EJGE/Magazine iGEM Article


Deepest borehole ever drilled


Mete Oner


Most geotechs get involved with drilling holes into the ground in order to do tests in situ and to take samples to do various tests on them. Drilling holes into the ground is a common activity for us geotechs. We routinely decide how deep the hole should extend; of course, it all depends on the project.

So I asked,

This was about the Mohorovicic discontinuity. Those geotechs in the soil dynamics/geotechnical earthquake engineering field know what it is. It is essentially the bottom of the earth's crust. The Earth's crust (the solidified, thin outer shell of the molten rock the Earth is) varies in thickness, 30 to 50 kilometers (20 to 30 miles). Take a look at this "cutout" view of our planet.

Mohorovicic may be a hard word to pronounce. Here is a WAV (sound) file for you; click to hear this Croatian word, the name of the geophysicist who discovered it.

Mohorovicic discontinuity, which puzzled the scientists for a long time—until one day they started saying why don't we just go there and take a look? That's how drilling a hole, a very deep hole, came to be discussed.

This quote from a recent Bill Bryson book contains all the answers.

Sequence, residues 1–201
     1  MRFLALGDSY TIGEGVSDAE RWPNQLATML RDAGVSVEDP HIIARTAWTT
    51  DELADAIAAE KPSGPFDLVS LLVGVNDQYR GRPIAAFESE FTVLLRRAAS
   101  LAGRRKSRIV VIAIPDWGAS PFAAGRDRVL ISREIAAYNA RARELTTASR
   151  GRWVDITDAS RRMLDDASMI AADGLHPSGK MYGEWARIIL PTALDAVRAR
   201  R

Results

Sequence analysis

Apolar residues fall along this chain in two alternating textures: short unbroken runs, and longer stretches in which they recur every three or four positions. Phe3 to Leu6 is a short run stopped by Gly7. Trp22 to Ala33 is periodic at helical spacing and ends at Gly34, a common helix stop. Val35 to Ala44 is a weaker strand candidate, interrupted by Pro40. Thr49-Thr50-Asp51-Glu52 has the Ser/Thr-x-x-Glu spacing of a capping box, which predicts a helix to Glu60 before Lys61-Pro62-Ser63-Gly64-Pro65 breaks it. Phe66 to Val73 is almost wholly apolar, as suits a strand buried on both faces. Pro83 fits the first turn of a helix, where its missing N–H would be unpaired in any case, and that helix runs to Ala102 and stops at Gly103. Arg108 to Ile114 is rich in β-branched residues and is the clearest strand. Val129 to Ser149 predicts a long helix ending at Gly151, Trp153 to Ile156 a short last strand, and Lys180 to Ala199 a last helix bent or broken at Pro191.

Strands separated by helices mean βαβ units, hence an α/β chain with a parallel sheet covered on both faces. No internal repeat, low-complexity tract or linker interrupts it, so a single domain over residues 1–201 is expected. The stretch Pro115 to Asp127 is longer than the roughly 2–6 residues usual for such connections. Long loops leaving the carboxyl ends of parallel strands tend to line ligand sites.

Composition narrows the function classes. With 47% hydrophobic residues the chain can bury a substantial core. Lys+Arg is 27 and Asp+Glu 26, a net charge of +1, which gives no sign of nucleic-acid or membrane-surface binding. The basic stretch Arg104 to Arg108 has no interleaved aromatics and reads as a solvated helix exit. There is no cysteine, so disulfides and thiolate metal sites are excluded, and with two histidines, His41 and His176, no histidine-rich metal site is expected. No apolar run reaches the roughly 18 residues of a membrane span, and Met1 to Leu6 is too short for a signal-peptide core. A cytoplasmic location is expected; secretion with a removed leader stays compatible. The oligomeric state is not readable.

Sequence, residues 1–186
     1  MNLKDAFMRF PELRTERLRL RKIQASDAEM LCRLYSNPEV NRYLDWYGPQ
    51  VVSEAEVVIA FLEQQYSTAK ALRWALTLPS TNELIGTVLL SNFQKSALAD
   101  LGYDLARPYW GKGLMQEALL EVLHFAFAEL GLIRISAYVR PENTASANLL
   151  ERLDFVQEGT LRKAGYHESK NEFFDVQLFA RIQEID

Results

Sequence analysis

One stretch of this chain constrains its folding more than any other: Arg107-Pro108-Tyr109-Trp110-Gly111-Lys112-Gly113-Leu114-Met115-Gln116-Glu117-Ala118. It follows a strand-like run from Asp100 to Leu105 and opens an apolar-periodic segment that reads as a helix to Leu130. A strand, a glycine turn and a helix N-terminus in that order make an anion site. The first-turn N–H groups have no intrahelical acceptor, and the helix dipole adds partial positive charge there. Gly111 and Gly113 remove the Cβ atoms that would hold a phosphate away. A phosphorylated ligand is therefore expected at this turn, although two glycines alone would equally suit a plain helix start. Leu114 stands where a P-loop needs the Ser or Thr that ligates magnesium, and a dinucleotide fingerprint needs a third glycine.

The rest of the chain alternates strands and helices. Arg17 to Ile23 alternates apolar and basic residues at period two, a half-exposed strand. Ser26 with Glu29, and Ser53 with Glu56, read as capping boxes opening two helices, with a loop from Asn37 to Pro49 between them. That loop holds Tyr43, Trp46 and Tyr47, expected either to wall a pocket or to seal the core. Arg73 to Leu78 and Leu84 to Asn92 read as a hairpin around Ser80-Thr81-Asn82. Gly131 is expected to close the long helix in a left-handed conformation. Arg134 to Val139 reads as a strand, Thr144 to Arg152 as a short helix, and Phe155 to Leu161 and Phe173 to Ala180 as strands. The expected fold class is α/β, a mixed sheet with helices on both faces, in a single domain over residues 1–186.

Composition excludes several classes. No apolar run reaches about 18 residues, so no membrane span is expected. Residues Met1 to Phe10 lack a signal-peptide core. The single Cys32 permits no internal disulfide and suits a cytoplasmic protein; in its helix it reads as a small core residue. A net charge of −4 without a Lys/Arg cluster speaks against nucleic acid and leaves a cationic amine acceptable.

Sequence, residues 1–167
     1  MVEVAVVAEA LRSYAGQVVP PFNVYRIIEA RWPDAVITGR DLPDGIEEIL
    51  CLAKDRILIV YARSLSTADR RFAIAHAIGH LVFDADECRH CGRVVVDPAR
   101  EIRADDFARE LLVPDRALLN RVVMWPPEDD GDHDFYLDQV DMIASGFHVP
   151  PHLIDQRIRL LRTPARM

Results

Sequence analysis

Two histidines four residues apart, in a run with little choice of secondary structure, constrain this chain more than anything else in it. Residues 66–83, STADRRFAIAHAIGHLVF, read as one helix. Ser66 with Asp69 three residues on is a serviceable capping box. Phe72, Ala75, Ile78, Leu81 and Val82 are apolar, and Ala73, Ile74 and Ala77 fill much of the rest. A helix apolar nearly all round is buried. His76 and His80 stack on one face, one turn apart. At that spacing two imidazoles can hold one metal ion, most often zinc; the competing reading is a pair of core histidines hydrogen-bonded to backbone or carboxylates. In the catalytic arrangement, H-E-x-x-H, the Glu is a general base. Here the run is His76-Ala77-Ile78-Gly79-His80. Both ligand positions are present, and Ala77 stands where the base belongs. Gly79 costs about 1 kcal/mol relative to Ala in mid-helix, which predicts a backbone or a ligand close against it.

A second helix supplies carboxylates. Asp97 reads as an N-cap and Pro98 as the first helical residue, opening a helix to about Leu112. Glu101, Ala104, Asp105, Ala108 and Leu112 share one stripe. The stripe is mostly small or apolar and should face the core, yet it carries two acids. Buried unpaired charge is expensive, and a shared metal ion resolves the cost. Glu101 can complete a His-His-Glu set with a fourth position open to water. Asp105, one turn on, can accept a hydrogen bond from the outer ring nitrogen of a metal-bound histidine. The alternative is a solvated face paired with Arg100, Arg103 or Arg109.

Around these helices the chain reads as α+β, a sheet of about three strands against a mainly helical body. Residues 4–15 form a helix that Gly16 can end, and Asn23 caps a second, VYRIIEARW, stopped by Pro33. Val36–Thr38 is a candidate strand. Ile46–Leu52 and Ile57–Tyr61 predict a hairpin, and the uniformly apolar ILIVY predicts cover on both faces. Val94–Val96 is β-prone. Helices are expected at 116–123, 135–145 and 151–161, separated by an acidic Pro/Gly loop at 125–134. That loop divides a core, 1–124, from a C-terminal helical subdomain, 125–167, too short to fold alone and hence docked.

In the 1960s...
Earth scientists decided to drill through the Earth's crust down to the Mohorovicic discontinuity (where upper mantle begins), and take a sample.

"The project became known as the Mohole and it was pretty well disastrous. The hope was to lower a drill through 14,400 feet (4.5 km) of Pacific Ocean water off through relatively thin crustal rock. Drilling from a ship in open waters is, in the words of one oceanographer, "like trying to drill a hole in the sidewalks of New York from top the Empire state Building using a strand of spagetti." Every attempt ended in failure. The deepest they penetrated was only about 600 feet (200 m). The Mohole became known as No Hole. In 1966, exasperated with ever-rising costs and no results, Congress killed the project.

Four years later, Soviet scientists decided to try their luck on dry land. They chose a spot on Russia's Kola peninsula, near the Finnish border, and set to work with the hope of drilling to fifteen kilometers. The work proved harder then expected, but the Soviets were commendingly persistent. When at last they gave up, nineteen years later, they had drilled to a depth of 12262 meters, or about 7.8 miles. ... the Kola hole had not cut even one-third of the way through the crust, we can hardly claim to have conquered the interior.

I highly recommend this book to you.

Quote from p. 214-5, Bill Bryson (2003) "A Short Story of Nearly Everything" Broadway Books. Broadway, a division of Random House, Inc.


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